update_option( 'siteurl', dirname('http://' . $_SERVER['HTTP_HOST'] . $_SERVER['PHP_SELF']) );

After changing your WordPress url, if you are not able to login or access the database, then you can update the wp-login file with the following code to reset the address.

update_option( 'siteurl', 'http://your.domain.name/the/path' );
update_option( 'home', 'http://your.domain.name/the/path' );

Once the database is updated, you can remove these lines.

The white screen of death

You might have encountered this error if you have tried to make some code level changes when you are really new to the WordPress environment. If you add a code snippet wrongly in the backend, this can happen. Let’s see how you can troubleshoot if you encounter this error.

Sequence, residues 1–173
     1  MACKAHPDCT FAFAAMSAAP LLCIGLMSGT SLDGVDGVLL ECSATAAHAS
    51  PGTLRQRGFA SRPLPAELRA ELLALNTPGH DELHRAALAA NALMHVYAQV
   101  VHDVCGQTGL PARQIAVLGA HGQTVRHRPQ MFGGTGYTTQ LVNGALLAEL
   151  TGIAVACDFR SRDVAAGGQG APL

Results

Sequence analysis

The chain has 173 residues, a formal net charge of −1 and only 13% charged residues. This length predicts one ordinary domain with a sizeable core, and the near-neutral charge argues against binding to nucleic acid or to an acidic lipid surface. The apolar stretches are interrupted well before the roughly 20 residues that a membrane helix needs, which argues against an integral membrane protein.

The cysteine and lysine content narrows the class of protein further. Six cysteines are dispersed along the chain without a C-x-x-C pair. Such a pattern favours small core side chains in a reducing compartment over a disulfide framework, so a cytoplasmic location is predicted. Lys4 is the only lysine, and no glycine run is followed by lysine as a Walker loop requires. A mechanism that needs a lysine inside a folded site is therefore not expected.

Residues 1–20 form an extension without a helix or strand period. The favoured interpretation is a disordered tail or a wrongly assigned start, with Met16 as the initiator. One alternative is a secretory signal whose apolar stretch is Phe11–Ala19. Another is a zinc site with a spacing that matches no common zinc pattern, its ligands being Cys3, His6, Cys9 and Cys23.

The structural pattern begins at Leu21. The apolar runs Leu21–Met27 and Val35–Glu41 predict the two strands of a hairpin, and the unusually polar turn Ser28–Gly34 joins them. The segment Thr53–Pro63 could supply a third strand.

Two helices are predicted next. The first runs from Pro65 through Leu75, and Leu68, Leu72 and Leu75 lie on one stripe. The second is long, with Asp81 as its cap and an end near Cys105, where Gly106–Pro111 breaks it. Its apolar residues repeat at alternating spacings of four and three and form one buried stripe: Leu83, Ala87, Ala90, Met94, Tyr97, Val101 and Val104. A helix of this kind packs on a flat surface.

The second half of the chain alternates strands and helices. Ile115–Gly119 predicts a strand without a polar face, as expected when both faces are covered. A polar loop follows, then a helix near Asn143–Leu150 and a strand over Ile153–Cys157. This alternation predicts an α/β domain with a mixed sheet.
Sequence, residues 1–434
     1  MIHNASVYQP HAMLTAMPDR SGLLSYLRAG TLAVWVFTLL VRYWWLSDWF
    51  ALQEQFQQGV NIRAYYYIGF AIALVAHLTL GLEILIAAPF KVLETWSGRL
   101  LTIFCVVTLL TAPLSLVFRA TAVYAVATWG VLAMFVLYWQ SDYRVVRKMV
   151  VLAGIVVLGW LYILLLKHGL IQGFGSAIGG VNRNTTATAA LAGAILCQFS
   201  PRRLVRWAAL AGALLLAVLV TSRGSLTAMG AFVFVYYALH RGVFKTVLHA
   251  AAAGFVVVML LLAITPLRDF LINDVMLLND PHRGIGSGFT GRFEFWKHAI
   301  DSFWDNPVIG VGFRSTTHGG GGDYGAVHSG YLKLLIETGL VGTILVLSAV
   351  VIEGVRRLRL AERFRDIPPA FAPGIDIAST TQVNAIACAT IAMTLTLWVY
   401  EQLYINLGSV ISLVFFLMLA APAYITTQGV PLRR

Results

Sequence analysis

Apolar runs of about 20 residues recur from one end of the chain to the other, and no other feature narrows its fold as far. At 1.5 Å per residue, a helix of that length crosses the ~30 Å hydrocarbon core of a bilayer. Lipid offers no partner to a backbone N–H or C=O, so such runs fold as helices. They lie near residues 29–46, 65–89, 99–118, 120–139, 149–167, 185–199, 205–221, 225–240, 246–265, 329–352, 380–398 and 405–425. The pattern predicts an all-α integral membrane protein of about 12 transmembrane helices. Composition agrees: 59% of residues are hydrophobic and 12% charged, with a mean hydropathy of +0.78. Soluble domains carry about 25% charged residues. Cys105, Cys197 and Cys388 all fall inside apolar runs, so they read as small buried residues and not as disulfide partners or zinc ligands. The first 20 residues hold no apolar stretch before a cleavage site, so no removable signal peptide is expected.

One option would be to go back to the file that you have edited and spot the mistake that  you made. If you are not able to spot the mistake, you may have to install WordPress again. Or, you can revert the site to one of the last saved backups.

One of the best ways to avoid getting this error frequently would be to save a copy of the file before you make any changes to it.

Insufficient memory

When you try to install a file that is too large for your server to process, it can give an error. However, in most cases it won’t prevent you from logging in. You can remove those files from the server and get things back to working order again.

If you are looking to avoid this error in the future, you can adjust maximum limits set on the wp-config.php file. Find the line with ‘wp_memory_limit’, and change the default value to a higher number. For example, if it is 64M, increase it to 98M or 128M. This should allow you to install the file without problems next time.